Charles Wallace Murry
|Charles Wallace Murry|
|First appearance||A Wrinkle in Time, 1962|
|Last appearance||A Swiftly Tilting Planet, 1978|
|Created by||Madeleine L'Engle|
|Portrayed by||David Dorfman|
|Nickname(s)||Charles Wallace, Chuck, Charlie (latter only by Mom O'Keefe)|
|Species||a "sport" - human but "something new"|
|Occupation||none initially, later a student|
|Family||Parents: Drs. Alex and Kate Murry
Sister: Meg Murry
Twin brothers: Sandy and Dennys Murry
|Relatives||nephew Charles O'Keefe,
niece Polly O'Keefe
Charles Wallace Murry is a major character in Madeleine L'Engle's young adult science fiction novels A Wrinkle in Time, A Wind in the Door, and A Swiftly Tilting Planet, sometimes referred to as the Time Trilogy. He is the younger brother of Meg Murry and of the twins Sandy and Dennys Murry.
Charles Wallace did not learn to talk until he was almost four, but then talked in full sentences, skipping over the "baby preliminaries" as Meg said. Because of his brilliance and his shyness, he is bullied by fellow children and misunderstood by adults outside his family. He recognizes that this is a problem he must solve himself; that like any new lifeform, he must learn to adapt successfully to his environment in order to survive.
Charles has blue eyes, and is repeatedly said to be small for his age. At fifteen, he looks "no more than twelve." This is offset somewhat by a mature and serious demeanor.
He prefers to be called Charles Wallace rather than Charlie or Chuck, as noted in Wind and Planet, but Meg frequently calls him simply Charles. In A Swiftly Tilting Planet, he allows Mrs. O'Keefe to call him Chuck, correctly guessing that she is identifying him with someone from her personal past (her brother, as it turns out).
According to an April 2004 article in The New Yorker, Charles Wallace is thought to be partly based on Madeleine L'Engle's son, the late Bion Franklin. L'Engle herself has acknowledged that Bion was the model for another of her characters, Rob Austin, but has not stated a similar provenance for Charles Wallace.
In A Wrinkle in Time, Charles Wallace befriends the mysterious Mrs Whatsit, Mrs Who and Mrs Which, who send him, along with his sister Meg and Calvin O'Keefe, to rescue his father from the planet Camazotz. Trusting too much in his own abilities, Charles Wallace allows himself to join with the mind of IT, pure evil incarnated as a disembodied brain, and must himself be rescued by Meg.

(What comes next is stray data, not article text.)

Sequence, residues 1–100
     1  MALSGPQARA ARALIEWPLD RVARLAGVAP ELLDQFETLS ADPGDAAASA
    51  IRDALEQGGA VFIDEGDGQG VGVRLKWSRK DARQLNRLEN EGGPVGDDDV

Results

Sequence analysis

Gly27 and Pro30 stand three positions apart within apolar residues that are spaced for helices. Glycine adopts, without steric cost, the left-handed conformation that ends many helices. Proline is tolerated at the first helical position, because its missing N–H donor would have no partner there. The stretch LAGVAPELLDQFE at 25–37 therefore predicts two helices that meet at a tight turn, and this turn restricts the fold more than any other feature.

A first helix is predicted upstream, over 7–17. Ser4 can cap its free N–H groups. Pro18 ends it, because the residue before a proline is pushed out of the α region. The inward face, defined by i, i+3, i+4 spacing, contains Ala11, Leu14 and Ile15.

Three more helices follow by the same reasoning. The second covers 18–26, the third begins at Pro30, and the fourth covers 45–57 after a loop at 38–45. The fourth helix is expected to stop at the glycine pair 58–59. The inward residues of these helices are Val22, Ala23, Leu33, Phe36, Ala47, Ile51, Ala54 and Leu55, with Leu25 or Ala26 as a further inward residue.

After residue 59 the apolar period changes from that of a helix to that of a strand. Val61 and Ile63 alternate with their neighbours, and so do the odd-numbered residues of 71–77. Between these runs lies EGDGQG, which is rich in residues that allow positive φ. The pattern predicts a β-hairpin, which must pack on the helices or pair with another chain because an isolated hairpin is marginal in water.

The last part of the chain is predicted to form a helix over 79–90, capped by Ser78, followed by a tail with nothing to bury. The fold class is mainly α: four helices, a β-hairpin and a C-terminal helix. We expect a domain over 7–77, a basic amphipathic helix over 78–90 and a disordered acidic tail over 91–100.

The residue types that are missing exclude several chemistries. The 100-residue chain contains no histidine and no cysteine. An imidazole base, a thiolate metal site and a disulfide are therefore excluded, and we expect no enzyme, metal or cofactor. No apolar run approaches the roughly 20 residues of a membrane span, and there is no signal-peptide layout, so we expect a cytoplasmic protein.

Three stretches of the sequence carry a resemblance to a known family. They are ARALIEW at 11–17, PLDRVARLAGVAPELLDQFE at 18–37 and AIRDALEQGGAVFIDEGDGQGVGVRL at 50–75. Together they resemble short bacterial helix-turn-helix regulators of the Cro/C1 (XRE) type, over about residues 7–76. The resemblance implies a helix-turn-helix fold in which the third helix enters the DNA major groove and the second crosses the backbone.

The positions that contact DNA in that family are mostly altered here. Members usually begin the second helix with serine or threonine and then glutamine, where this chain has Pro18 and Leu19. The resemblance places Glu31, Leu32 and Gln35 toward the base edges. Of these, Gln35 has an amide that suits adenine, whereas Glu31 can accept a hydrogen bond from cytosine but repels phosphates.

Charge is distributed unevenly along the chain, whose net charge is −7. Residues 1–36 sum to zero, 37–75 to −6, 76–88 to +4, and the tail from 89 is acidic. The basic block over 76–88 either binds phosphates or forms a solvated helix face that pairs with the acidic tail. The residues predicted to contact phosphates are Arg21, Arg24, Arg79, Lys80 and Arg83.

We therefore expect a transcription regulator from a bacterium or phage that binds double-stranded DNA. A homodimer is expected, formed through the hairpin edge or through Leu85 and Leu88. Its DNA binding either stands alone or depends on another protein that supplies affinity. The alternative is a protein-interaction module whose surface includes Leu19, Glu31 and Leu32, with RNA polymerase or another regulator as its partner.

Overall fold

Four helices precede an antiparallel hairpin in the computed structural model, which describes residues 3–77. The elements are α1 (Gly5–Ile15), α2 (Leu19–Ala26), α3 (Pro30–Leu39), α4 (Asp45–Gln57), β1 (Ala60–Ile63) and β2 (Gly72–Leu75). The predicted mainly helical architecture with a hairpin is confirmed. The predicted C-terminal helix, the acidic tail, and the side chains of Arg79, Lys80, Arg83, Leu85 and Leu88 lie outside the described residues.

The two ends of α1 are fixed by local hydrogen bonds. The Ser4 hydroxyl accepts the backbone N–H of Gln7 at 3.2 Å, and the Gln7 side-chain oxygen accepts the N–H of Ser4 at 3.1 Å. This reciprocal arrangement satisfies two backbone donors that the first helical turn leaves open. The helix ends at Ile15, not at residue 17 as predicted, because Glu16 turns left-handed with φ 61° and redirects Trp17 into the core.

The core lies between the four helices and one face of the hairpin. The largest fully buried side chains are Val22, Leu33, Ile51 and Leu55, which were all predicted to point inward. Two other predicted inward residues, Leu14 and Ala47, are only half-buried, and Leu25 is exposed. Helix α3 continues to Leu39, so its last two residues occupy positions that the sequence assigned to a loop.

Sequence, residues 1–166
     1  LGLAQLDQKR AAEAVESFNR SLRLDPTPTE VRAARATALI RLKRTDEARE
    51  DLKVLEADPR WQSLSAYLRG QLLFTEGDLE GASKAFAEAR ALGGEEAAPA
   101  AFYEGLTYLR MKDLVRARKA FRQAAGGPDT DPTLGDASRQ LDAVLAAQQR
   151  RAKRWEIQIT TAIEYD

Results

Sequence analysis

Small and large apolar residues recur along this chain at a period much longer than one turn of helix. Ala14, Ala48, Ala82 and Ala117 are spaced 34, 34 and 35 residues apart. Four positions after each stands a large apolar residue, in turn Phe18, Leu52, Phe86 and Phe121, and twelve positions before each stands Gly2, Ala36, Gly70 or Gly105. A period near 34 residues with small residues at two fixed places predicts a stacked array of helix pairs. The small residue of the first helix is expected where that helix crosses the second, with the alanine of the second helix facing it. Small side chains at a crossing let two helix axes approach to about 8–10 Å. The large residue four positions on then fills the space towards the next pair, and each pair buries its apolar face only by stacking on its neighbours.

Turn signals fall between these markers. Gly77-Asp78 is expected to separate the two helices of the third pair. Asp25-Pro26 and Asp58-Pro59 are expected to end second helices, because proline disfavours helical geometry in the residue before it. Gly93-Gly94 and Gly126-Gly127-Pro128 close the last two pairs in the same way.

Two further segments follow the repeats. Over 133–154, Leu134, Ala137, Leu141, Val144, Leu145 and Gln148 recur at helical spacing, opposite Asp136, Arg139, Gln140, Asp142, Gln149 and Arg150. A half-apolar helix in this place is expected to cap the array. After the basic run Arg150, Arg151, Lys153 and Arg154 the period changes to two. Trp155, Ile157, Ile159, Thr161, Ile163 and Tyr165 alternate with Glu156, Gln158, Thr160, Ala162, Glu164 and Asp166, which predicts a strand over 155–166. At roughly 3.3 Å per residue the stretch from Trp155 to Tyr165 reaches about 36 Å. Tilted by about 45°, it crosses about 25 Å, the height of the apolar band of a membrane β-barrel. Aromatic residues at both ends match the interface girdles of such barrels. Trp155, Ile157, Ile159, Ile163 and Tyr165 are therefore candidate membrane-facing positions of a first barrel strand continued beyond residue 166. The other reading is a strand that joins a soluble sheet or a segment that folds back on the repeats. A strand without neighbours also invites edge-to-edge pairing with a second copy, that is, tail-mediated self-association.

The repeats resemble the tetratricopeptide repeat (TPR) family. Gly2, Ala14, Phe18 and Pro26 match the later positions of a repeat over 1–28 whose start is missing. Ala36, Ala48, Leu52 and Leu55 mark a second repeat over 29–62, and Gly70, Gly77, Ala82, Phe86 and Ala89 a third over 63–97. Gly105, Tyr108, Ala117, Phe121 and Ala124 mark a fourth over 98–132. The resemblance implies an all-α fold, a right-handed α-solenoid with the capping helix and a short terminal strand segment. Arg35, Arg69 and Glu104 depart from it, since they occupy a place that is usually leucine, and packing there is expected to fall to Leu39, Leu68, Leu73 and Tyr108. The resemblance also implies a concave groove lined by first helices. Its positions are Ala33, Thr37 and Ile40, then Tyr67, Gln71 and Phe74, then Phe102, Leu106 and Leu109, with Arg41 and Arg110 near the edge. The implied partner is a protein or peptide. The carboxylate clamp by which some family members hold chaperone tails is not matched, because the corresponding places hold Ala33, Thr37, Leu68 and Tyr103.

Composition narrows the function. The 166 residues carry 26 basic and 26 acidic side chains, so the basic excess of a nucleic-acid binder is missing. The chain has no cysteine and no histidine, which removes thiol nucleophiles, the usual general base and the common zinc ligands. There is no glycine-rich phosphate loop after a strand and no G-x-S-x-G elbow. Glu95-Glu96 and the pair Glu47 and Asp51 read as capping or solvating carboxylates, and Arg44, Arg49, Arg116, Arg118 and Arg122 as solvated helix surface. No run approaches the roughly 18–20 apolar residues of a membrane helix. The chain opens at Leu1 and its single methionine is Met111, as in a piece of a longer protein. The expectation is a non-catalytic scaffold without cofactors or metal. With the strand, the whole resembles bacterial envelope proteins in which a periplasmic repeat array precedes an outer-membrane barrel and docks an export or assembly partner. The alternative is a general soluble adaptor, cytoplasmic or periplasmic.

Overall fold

In A Wind in the Door, Charles Wallace is bullied by fellow children and attacked by supernatural characters called the Echthroi, the forces of evil and "Xing." They cause Charles Wallace's mitochondria to sicken by interfering with the fictional "farandolae" within them. An intergalactic group including a snake, a cherubim (sic), a grade school principal, and Meg influence and encourage the young farandolae to "deepen," thus saving Charles Wallace's life.
In A Swiftly Tilting Planet, fifteen-year-old Charles Wallace travels in time to try to stop Mad Dog Branzillo's nuclear plans, going "within" various characters whose actions will help determine Branzillo's ancestry, and whether he is a mad dictator or "a man of peace." Again the Echthroi attack Charles Wallace and try to prevent him from completing his mission.
Meg and Calvin's second eldest child, Charles O'Keefe, is named after Charles Wallace, his uncle. Charles O'Keefe is introduced in The Arm of the Starfish (1965) and also appears in Dragons in the Waters (1976). Like Charles Wallace, Charles O'Keefe is depicted as being empathic, especially with respect to the people he loves. Ironically, however, Charles Wallace Murry is mysteriously absent from the books in which Charles O'Keefe and his elder sister Polly (sometimes spelled Poly, short for Polyhymnia) appear. In A House Like a Lotus (1984), Polly writes that "Mother's youngest brother, the one Charles is named after, is off somewhere on some kind of secret mission, we don't know where." Later, in An Acceptable Time (1989), Polly is given Charles Wallace's old room, newly redecorated for her, when she stays at her grandparents' house.
Charles Wallace is named after Madeleine L'Engle's father, Charles Wadworth Camp, and her husband Hugh Franklin's father, Wallace Collin Franklin. The novel A Wrinkle in Time, the plot of which centers on Charles Wallace and Meg trying to retrieve their absent father, is dedicated to both men. (Camp died in 1935, when L'Engle was a teenager.) L'Engle also used the name Wallace for Dr. Wallace "Wally" Austin, the father of Vicky Austin and her three siblings in the Austin family series of books.
In 2003, David Dorfman portrayed Charles Wallace Murry in the Disney television adaptation of A Wrinkle in Time. It was broadcast on ABC, directed by John Kent Harrison, from an adapted teleplay by Susan Shilliday.